DENVER (CBS4) – The Colorado Oil & Gas Conservation Commission discussed Tuesday’s developments in Firestone house explosion, just hours after investigators said that “fugitive gas” was to blame for the deadly blast.

COGCC Director Matt Lepore said that all operators would re-examine lines to ensure that those lines have integrity.

RELATED: ‘Fugitive Gas’ Leaked From Pipeline Caused Deadly House Explosion

“What has taken place here is highly unusual and required a confluence of several different events that came to pass,” said Lepore. “This is an unprecedented event. It’s horrible. We will take the steps outlined here to seek to minimize this from happening again. And I think operators will be hyper-vigilant about going forward.”

COGCC Director Matt Lepore (credit: CBS)

The April 17 explosion in Firestone killed two people and left another badly burned. The home was 200 feet from a gas well.

(credit: CBS)

“There is no threat to surrounding homes as a result of the incident,” said Frederick-Firestone Fire Protection District Chief Ted Poszywak.

Poszywak said that it was “fugitive gas” from a severed and uncapped line. He also said the proximity of the well to the home did not play a role in the explosion.

“Abandoned flow lines were the source of the leak and the explosion,” said Poszywak.

(credit: CBS)

The abandoned line blamed for the blast was 1-inch in diameter and Lepore said it was often referred to as a “return line.”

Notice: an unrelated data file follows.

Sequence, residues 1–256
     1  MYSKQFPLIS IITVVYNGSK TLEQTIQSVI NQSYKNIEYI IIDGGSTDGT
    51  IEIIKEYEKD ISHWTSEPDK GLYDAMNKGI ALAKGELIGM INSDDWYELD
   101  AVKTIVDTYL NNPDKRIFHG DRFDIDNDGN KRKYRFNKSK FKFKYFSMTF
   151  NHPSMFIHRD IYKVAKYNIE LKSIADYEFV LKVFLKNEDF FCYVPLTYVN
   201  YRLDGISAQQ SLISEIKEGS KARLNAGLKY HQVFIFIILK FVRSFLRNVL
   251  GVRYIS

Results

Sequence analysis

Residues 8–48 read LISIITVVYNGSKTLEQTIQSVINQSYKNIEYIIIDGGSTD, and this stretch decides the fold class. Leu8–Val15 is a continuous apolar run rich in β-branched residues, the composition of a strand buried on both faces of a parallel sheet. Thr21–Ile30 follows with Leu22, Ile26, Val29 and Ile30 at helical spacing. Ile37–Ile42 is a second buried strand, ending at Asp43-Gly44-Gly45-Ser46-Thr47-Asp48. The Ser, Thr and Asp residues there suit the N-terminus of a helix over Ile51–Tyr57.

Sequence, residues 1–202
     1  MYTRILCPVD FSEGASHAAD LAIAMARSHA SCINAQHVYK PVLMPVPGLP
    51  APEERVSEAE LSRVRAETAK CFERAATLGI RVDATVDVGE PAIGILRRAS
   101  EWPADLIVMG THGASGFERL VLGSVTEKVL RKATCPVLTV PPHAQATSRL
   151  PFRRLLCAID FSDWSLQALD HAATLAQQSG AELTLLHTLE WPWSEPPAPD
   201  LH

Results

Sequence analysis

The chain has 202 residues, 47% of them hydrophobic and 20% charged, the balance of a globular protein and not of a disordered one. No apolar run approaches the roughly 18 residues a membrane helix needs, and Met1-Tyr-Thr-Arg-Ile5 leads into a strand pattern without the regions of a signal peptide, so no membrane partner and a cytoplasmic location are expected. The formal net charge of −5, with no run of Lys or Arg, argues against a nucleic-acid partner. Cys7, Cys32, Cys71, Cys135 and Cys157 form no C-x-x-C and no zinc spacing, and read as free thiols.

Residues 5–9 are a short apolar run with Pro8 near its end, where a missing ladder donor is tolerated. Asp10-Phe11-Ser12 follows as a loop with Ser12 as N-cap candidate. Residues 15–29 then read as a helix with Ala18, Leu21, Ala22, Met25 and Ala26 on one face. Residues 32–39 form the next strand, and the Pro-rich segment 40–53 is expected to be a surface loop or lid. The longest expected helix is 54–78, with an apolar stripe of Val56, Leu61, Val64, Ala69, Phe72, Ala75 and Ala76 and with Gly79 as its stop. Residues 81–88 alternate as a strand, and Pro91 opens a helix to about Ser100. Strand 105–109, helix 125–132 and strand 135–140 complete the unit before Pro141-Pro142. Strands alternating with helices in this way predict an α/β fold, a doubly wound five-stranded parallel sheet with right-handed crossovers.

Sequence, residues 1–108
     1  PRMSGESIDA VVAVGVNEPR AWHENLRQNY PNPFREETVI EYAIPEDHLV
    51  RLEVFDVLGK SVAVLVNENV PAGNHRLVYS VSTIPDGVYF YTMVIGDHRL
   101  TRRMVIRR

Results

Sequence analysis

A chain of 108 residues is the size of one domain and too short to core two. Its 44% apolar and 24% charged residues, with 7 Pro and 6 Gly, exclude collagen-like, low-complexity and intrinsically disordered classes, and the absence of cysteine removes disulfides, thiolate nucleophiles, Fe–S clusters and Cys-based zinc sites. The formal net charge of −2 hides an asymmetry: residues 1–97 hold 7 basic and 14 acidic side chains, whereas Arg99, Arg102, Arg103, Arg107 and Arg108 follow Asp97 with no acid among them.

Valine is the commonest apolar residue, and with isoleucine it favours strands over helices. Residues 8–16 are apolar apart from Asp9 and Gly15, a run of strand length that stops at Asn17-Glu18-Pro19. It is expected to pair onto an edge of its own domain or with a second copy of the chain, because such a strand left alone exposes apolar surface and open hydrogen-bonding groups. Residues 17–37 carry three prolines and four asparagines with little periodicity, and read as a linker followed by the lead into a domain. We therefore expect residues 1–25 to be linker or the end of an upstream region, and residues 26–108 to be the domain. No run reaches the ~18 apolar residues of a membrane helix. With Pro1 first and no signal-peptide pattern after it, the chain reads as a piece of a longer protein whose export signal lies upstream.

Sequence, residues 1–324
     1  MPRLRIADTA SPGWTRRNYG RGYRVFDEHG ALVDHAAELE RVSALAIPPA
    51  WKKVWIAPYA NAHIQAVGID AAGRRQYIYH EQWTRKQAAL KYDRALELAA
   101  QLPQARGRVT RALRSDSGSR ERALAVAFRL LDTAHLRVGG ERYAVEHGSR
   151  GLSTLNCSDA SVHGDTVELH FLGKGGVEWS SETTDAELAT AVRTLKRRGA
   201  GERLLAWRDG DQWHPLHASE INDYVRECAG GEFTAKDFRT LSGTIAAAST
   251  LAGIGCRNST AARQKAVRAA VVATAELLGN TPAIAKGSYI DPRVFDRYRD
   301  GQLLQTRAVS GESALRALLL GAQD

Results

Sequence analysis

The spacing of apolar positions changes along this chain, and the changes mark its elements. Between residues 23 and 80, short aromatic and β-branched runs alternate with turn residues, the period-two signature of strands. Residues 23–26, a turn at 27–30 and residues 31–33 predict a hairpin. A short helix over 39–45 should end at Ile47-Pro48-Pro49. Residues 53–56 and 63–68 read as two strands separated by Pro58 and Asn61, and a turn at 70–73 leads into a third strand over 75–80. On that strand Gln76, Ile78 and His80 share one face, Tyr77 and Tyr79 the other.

“It’s a line that would run between a line head and a tank battery,” said Lepore. “If it was abandoned, it would be disconnected at both ends, should be sealed at both ends and would not be carrying any product. In this case, I think there are unanswered questions about whether the line was disconnected at both ends or perhaps only was disconnected at one end and remained connected to the well head.”

Frederick-Firestone Fire Protection District Chief Ted Poszywak (credit: CBS)

Erin Martinez, a physics and chemistry teacher, survived the deadly explosion at her Firestone home but her husband, Mark, and her brother, Joseph Irwin, were killed in the explosion.

Erin Martinez (credit: CBS)

Lepore said there are still questions about whether the line was ever disconnected from the well or who cut the line.

“We don’t have jurisdiction over developers,” said Lepore. “Might there have been rule violations in this sequence of events… Yes, there might have been.”

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